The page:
Based on its brightness, scientists estimate that 2020 SW is roughly 15 to 30 feet (5 to 10 meters) wide – or about the size of a small school bus.

This illustration shows a near-Earth asteroid like asteroid 2020 SW traveling through space. (NASA/JPL-Caltech)

This illustration shows a near-Earth asteroid like asteroid 2020 SW traveling through space. (NASA/JPL-Caltech)

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NASA Study shows Emissions Could Add 15 Inches to 2100 Sea Level Rise

 

NASA - National Aeronautics and Space AdministrationGreenbelt, MD – An international effort that brought together more than 60 ice, ocean, and atmosphere scientists from three dozen international institutions has generated new estimates of how much of an impact Earth’s melting ice sheets could have on global sea levels by 2100.

If greenhouse gas emissions continue apace, Greenland and Antarctica’s ice sheets could together contribute more than 15 inches (38 centimeters) of global sea level rise – and that’s beyond the amount that has already been set in motion by Earth’s warming climate.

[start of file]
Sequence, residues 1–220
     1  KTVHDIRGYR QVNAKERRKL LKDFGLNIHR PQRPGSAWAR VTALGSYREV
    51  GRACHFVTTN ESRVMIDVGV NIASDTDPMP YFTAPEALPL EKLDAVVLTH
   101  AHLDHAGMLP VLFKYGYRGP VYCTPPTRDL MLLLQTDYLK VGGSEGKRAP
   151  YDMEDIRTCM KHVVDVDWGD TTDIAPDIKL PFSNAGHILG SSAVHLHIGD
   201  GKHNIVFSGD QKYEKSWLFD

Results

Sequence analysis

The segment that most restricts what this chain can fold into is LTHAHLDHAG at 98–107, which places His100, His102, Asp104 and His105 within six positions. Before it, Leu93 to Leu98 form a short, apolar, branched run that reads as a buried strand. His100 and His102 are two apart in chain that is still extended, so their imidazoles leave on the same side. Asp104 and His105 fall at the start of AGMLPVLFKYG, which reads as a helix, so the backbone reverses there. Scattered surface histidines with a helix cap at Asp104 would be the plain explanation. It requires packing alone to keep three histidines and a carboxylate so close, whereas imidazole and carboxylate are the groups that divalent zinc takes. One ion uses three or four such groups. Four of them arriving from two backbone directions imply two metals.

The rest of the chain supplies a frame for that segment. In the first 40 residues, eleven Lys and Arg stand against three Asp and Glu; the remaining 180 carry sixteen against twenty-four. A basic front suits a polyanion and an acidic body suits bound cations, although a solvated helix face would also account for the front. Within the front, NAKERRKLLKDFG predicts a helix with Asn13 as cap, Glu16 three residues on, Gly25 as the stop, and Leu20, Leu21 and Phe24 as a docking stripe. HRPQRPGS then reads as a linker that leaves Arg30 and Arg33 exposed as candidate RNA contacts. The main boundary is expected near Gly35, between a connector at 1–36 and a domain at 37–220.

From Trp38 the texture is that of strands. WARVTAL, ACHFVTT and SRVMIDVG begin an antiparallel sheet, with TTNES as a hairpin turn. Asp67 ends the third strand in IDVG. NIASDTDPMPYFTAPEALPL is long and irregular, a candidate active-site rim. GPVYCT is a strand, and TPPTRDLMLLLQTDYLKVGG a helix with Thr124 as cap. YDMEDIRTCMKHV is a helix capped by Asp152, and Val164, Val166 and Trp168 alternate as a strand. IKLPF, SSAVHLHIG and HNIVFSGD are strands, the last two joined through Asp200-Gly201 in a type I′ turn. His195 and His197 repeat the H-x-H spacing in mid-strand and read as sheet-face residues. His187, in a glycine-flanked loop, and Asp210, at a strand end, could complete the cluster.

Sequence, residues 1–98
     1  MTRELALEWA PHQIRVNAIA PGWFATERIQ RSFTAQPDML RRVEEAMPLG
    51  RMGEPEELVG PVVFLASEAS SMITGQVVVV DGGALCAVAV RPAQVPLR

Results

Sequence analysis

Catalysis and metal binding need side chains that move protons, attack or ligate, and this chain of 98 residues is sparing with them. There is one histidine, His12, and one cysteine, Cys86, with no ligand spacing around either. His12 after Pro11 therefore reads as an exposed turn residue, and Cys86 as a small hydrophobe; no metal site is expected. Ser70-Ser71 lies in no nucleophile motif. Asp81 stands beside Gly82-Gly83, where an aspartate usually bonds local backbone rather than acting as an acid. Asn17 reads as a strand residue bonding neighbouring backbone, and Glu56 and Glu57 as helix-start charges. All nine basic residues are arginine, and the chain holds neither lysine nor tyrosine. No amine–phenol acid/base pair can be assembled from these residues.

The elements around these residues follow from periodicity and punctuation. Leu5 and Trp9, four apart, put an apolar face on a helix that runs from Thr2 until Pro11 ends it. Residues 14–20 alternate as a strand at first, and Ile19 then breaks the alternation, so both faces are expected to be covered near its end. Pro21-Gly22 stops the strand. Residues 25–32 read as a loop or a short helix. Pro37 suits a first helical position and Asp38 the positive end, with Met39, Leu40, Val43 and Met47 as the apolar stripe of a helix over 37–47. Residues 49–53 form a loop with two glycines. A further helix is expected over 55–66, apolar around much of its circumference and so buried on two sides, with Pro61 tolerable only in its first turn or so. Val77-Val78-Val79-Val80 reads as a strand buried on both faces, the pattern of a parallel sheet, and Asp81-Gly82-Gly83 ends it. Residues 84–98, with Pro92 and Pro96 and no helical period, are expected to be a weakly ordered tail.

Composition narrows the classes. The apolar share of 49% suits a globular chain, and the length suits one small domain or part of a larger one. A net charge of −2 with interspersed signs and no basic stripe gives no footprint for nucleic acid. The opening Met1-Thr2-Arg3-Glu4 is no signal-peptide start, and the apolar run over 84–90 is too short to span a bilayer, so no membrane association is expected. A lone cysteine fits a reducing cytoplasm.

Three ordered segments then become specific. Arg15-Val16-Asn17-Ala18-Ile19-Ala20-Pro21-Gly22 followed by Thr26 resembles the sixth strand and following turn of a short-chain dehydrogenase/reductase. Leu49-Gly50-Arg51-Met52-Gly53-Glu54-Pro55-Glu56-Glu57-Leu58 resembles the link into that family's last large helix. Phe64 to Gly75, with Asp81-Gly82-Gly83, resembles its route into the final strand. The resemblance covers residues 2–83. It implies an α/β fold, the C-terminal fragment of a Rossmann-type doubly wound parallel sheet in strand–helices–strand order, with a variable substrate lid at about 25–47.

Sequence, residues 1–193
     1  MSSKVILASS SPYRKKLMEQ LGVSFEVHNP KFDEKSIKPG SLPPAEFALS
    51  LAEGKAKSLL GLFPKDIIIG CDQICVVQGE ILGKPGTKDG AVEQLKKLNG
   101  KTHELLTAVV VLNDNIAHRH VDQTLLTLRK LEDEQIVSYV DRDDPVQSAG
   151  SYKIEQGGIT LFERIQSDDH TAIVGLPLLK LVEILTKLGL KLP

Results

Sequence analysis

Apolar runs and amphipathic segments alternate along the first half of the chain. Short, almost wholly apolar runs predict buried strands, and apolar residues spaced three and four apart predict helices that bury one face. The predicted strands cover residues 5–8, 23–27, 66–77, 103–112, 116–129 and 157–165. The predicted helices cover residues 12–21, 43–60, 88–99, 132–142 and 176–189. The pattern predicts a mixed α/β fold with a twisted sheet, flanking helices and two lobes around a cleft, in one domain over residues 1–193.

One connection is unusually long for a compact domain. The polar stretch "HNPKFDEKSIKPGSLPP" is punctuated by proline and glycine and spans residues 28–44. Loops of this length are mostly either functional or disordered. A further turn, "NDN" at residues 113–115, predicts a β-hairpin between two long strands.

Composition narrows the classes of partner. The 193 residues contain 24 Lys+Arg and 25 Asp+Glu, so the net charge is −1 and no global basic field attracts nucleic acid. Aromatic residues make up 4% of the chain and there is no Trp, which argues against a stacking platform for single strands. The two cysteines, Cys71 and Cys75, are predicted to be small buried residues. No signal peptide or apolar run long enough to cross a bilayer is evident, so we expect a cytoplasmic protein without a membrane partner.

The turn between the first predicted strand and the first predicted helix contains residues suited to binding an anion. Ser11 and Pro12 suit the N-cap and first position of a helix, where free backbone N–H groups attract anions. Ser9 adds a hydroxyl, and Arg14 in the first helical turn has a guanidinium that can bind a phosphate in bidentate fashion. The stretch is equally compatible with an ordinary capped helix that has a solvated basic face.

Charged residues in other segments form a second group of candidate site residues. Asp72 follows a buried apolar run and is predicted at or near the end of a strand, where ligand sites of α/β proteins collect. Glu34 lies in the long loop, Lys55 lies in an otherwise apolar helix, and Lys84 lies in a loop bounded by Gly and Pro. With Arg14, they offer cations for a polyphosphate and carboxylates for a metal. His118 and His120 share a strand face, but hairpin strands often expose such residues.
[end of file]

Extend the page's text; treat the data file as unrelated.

Ice shelves in Antarctica, such as the Getz Ice Shelf seen here, are sensitive to warming ocean temperatures. Ocean and atmospheric conditions are some of the drivers of ice sheet loss that scientists considered in a new study estimating additional global sea level rise by 2100. (Jeremy Harbeck/NASA)

Ice shelves in Antarctica, such as the Getz Ice Shelf seen here, are sensitive to warming ocean temperatures. Ocean and atmospheric conditions are some of the drivers of ice sheet loss that scientists considered in a new study estimating additional global sea level rise by 2100. (Jeremy Harbeck/NASA)

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NASA may have discovered a Planet orbiting a White Dwarf